EXCLUSIVE: The “Scruffy” Angel Lands at Victoria’s Secret-------
The look at Victoria’s Secret hasn’t changed much in the eighteen years since Angels in lacy underwear and million-dollar bras captured the world’s attention in more than 185 countries, but it’s the subtleties, hair pro Orlando Pita explained, that make all the difference. “In the past we’ve done a dry, sandy, beachy texture, but this year it’s shiny and glossy,” he said. While this may appear like a minor change to the naked eye, it makes a major impact on high-def cameras.
For face painter Dick Page, he aimed to make the girls look a bit more “scruffy,” which caught the attention of one of the executive producers of the fashion show. (Scruffy and sexy might not normally go hand in hand, but when it comes to Page, you have to trust that the finished product will be spot-on.) During the huddle with both beauty gurus, last year’s look was discussed: Lipstick should give way to a more balm-y, just bitten mouth; the shadow should be a bit more smudgy (and therein lies the scruff); and absolutely no glitter should be used.
To get the glistening waves, Pita prepped the strands with Victoria’s Secret So Sexy Body & Hold Volumizing Mousse and blew them dry with a round, vented ceramic brush from ghd to build body. Next, he glued in multiple levels of extensions—opting for a tone that played up the lightest shade seen in each model’s roots. “Dark hair, especially, can look really dense on television; this [trick] gives it depth and makes it look more natural,” he said. The ends were razored to approximately each girl’s natural length, and strands were misted liberally with So Sexy Style Hold & Finish Hairspray. Using his signature technique (where the middle of the hair is wrapped under and over the barrel of a curling iron, in this case a 1.5 inch version—leaving the ends out), Pita created loose curls before finger combing and finishing with more hair spray. To get the look at home, however, he suggests using an easier-to-wield flatiron, like the forthcoming tri-zone styler from ghd. As for the part, there was great debate as to whether it should be in the middle or slightly off center, but the final decision was to follow the way each model’s hair naturally fell—keeping their individuality intact. (If you’re wondering, Karlie Kloss will be maintaining her signature bob.)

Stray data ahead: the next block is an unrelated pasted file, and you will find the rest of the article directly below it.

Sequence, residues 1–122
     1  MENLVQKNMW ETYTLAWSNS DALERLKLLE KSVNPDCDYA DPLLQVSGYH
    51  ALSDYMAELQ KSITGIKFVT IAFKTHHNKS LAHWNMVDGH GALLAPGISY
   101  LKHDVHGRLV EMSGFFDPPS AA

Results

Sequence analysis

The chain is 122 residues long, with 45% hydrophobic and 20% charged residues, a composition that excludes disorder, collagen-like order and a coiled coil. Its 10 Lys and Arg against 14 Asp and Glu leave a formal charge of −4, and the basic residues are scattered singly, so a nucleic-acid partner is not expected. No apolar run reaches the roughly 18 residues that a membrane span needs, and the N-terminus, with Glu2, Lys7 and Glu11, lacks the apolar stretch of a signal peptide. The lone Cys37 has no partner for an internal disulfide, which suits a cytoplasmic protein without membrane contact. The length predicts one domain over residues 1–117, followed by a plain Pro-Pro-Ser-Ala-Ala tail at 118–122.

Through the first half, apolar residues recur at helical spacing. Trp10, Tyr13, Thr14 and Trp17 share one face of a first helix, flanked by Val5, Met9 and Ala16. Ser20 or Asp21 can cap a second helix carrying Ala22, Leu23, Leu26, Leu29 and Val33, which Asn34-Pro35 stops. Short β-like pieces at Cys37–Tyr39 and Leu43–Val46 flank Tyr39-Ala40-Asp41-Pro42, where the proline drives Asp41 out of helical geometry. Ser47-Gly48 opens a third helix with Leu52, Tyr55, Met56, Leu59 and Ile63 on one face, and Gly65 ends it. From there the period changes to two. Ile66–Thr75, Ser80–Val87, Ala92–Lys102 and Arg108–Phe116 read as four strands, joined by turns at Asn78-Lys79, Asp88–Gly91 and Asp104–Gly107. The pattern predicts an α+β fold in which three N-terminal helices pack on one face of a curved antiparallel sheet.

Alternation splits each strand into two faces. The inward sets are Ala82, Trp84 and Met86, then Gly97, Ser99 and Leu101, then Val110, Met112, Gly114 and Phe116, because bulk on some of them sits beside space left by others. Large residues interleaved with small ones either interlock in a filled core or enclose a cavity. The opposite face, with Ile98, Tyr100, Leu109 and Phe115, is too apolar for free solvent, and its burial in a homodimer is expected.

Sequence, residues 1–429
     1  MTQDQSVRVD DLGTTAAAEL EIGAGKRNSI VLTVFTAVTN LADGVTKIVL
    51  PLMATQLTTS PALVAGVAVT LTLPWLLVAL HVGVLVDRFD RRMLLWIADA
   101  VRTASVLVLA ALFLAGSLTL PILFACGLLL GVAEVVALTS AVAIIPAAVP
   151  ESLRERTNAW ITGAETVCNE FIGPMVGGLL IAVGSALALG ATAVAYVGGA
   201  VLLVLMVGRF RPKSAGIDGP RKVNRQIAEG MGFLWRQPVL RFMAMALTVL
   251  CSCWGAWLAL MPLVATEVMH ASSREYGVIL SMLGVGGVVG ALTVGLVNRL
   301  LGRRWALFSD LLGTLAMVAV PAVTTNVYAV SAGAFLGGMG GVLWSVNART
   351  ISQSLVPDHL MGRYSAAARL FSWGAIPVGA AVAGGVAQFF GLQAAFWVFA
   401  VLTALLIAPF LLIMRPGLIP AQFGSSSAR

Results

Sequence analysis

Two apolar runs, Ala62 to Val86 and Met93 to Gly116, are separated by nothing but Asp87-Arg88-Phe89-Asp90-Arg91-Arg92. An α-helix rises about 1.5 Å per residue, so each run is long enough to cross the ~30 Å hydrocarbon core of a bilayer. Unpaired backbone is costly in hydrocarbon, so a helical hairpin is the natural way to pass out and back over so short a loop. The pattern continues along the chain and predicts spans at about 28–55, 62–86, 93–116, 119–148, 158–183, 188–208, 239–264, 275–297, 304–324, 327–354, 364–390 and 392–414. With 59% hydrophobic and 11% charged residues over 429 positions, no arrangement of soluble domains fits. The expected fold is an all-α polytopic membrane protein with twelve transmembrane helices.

“I’ve been given a very strict directive, but I’m going to fuck with it like I do,” Page said of the makeup. After the recent death of Lou Reed and listening to The Velvet Underground & Nico, the master of maquillage came up with the “scruffy Angel” concept. To achieve it, he used a black-brown liner pencil on the inner rim and ran it imperfectly along the top lashes before smudging the pigment up and over the lid. To intensify the outer corners, Page dusted the dark chocolate shade from the VS Makeup Eye Shadow Quad in Eye Contact in a “V” shape, then applied the shimmery gold color over the inner half of the eye to catch the light. Instead of traditional blush, he warmed up Color Drama Lipstick in Taken on the inside of his forearm and used a cosmetic wedge to apply it to cheeks (a similar method was employed at Narcisco Rodriguez this past season). “I want them to look like they’ve had a really good shag, or anything else unorthodox that would make you pink in the face…like excitable shopping,” Page quipped. The skin was then layered with a sheer foundation using a brush—allowing the color to come through much like a natural flush. “I want to have final control over the complexion,” he said of his approach. Color Drama Lipstick in True (for models walking in the Pink portion of the show) or Flawless (worn by the rest of the girls) was pressed onto lips, then top lashes were coated with Volume Lift Mascara in black, and brows were lightly defined with a pencil as a finishing touch.
The only things left to complete this slightly undone Angel: wings and sass. “This show is probably the closest you get to real modeling, where the girls are truly animating the clothes,” said Page. Or in this case, the lack thereof.